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January 28, 2015

Putting the hot back into Philly’s hotel scene

Development Hotels
01282015_FourSeasonsNewHotel Courtesy/Comcast

The Four Seasons Philadelphia Hotel will move into the top floors of the new Comcast tower.

Another funky Kimpton. An uber-luxe SLS. Even, at last, a W — the Starbucks of the boutique world.

All of a sudden, the world’s hottest hostelries want a piece of Philly’s hitherto blah hotel scene.

“The fact that they are choosing us shows how far we’ve come along,” said Ed Grose, executive director of the Greater Philadelphia Hotel Association. “We’ve made it as city worthy of the world stage.” 

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According to research from PFK Consulting, Philly’s hotel occupancy rate last year reached 76 percent, the highest in, wait for it, 65 years. It’s natural, then, that hipper and/or more luxurious names are finally interested in the city. 

Further, a growing population of valued millennials and empty nesters ensures a steady stream of residents who remain on the lookout for cool new spots to troll, observes Grose.

The “rooftop bar at Old City’s Hotel Monaco is very popular at night with locals,” he said.

Pope Francis' visit here in the fall and the possibility of the Democratic National Convention being staged here in 2016, not to mention Philly’s recent designation by The New York Times as the top American city to visit in 2015, means things can only get hotter.

Here’s what’s coming.

Most exciting is the entry of the relatively rare SLS, at Spruce and Broad streets (rendering at left). So far, there’s only three branded hotels in the world, with a few more scheduled to beat the 2016 Philly opening. Designed by Kohn Pedersen Fox, the 47-story building continues the colonization of South Broad by Dranoff Properties and will offer 150 guest rooms, along with 90 condos. 

“Philadelphia has captured the attention of a global audience of business and leisure travelers, and working with Carl Dranoff gives us an opportunity to partner with one of the industry’s foremost developers,” said Arash Azarbarzin, president of sbe Hotel Group.  “We’re looking forward to sharing our approach to hospitality with a community as culturally vibrant and dynamic as Philadelphia’s.”

A third Kimpton will likely open in the former Family Court Building at 18th and Vine, developed by P&A Associates. According to a Kimpton spokesperson, the deal isn’t 100 percent official — but once the project receives a green light, it promises to be yet another signature transformation of a local landmark by the brand.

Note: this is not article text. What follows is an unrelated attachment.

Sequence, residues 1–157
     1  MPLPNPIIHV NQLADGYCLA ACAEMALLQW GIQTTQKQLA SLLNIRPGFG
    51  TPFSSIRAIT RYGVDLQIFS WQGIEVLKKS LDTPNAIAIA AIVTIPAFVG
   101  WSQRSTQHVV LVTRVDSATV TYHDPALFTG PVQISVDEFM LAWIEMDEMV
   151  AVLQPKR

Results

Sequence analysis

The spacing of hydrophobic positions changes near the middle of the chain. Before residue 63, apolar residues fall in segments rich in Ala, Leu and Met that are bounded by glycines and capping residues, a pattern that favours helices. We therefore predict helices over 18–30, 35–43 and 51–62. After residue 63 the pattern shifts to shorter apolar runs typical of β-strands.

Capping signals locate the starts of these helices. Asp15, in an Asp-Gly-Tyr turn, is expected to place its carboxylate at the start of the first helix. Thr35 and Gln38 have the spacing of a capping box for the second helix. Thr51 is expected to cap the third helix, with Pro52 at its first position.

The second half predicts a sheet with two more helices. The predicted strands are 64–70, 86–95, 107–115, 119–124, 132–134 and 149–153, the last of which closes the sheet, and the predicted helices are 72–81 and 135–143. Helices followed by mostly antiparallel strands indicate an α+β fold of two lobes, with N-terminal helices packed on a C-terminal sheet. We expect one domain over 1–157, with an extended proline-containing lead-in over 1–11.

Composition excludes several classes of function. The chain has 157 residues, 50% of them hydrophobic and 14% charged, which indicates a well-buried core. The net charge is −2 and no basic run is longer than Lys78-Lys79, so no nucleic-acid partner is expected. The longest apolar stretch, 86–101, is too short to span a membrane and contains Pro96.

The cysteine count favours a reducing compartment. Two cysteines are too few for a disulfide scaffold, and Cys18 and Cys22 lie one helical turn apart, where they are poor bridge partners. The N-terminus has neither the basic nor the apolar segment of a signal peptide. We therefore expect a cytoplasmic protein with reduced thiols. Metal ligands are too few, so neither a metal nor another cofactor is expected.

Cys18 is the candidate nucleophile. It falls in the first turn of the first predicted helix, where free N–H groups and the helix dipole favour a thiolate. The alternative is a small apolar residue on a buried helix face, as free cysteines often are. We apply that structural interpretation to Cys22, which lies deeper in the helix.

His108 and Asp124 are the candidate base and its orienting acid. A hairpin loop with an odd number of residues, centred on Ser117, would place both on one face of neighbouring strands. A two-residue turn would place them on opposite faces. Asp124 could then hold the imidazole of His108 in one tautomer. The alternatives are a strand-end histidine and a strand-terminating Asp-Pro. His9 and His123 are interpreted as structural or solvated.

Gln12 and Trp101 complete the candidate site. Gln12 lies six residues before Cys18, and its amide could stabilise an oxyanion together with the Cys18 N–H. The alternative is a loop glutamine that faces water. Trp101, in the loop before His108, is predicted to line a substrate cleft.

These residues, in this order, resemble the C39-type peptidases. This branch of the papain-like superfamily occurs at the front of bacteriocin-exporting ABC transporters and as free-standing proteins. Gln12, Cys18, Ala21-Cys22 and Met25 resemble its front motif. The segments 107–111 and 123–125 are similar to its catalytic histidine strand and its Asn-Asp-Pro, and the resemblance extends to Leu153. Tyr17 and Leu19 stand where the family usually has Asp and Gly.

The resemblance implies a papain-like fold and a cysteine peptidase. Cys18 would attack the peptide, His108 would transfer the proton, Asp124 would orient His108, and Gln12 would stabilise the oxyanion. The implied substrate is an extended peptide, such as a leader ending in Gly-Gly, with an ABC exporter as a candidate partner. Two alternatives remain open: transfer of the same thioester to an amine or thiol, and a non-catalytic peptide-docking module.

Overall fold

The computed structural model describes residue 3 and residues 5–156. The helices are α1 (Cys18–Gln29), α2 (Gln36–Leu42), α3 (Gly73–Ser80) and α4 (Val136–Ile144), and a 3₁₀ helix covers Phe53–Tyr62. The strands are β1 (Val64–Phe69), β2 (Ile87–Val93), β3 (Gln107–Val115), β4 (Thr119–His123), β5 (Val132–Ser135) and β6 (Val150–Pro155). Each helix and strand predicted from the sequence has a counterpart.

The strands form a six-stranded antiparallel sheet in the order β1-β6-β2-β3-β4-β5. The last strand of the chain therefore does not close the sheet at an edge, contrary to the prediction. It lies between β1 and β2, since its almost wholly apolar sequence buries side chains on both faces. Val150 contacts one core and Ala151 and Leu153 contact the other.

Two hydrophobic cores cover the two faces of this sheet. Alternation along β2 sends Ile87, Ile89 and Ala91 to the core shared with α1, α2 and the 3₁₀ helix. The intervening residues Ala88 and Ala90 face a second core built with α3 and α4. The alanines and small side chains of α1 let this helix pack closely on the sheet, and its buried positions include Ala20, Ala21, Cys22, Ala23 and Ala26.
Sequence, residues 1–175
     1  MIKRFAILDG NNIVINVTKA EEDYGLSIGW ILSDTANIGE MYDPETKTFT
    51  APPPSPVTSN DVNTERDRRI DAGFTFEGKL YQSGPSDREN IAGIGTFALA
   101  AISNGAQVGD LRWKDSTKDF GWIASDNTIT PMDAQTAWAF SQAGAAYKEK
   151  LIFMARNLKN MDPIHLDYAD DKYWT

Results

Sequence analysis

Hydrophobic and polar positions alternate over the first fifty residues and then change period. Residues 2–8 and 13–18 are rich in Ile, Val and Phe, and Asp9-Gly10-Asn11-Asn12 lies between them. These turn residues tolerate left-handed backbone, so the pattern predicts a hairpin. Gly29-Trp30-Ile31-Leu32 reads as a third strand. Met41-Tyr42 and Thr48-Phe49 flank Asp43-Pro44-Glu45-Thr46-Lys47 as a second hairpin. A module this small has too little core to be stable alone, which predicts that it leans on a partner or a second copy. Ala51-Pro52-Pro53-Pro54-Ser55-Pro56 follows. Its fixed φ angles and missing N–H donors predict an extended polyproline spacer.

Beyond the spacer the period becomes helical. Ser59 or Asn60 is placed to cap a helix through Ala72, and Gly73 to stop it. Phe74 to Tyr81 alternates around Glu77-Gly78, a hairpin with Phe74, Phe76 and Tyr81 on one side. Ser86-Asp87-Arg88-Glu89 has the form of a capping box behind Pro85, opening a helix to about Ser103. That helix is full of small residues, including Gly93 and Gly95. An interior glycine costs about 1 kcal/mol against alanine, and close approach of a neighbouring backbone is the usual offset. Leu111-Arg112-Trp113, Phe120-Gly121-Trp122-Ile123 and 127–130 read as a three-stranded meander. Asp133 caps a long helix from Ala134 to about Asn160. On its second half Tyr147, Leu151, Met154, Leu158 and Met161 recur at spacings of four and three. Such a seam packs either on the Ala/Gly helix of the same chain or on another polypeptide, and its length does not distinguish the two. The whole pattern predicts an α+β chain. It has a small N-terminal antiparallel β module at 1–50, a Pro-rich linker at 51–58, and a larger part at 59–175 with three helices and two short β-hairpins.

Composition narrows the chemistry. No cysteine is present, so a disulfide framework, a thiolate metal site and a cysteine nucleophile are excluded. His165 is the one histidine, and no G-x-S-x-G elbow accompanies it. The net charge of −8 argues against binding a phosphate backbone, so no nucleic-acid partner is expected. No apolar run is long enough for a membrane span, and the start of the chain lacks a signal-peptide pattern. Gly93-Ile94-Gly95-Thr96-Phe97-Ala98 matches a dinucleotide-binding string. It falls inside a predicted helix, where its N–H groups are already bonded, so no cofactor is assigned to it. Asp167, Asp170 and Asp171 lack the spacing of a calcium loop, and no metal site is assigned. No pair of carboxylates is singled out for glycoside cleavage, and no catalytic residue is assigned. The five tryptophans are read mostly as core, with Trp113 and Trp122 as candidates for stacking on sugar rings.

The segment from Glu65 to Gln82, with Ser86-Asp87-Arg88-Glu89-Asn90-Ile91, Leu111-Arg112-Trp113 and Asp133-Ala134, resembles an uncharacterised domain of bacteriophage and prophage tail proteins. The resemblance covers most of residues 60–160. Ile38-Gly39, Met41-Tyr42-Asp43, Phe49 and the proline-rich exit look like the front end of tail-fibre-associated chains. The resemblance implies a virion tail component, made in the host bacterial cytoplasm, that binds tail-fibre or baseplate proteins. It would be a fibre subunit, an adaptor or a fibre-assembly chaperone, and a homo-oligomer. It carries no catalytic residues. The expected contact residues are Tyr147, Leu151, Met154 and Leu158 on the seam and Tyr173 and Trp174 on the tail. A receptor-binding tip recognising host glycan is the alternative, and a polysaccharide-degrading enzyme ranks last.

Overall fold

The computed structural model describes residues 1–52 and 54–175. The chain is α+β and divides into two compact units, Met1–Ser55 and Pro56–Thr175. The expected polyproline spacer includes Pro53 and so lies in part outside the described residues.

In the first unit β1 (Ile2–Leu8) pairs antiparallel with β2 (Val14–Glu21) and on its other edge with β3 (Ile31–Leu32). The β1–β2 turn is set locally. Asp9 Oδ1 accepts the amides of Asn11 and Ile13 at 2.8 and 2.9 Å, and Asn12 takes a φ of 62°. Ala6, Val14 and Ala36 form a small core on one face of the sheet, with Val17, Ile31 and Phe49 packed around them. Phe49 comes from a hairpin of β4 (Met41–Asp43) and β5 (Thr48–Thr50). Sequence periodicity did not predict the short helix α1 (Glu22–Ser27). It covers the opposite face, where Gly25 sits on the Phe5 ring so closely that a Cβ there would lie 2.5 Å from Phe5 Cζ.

The arrival of a W in 2018 at 15th and Chestnut will seem anti-climatic, coming more than 15 years and some 60 hotels after Starwood first launched the brand. Developed by Brook Lenfest’s Chestlen, the project also includes an Element, Starwood’s extended stay option. Together, they’ll add 755 rooms to the city’s stock. Designed by Philly-based Cope Linder Architects, the building is seeking LEED-certification and will include an 8,600 square foot restaurant, and a 185-space, below-grade parking garage. (Rendering below.)

Increasingly, area developers — like Dranoff — are incorporating hotel projects into their mixed-use plans. PMC Property Group, for example, intends to condense the design trade aspect of the Marketplace Design Center at 24th and Market and to add floors holding retail, offices, apartments and, ultimately, a 150-key hotel. 

And, the recently awarded casino license near the South Philly stadia includes a hotel component, as does developer Bart Blatstein’s just-announced plan to renovate a power plant on the Delaware River. 

Liberty Property Trust’s new $1.2 billion, Norman Foster-designed Comcast tower, opening in 2018, will give over its top floors to a relocated and no doubt super-luxury Four Seasons Hotel.  

Before it opens, the current Four Seasons will close in June. It will be renovated to open an as yet unnamed property under the management of Denver-based Sage Hospitality, which operates chains like Marriotts and Westins, as well as independent hotels.


Meanwhile, a host of boutique properties are in the pipeline. They include:

— the 212-room Study at University City on land leased from Drexel, to be designed by Philly’s DIGSAU;

— an as yet unnamed concept involving the merger of a suite of beat-up buildings at 5th and Bainbridge in Queen Village; and

— the $125 million Hudson Hotel from the New York-based originator of the boutique hotel concept (Morgans Hotel Group), on the site of Little Pete’s diner at 17th and Chancellor streets. Design is by the local firm DAS Architects.

“Until there are shovels in the ground, I won’t consider any of these a done deal,” cautions Grose. By that criteria, only the Four Seasons atop the new Comcast tower is a certainty.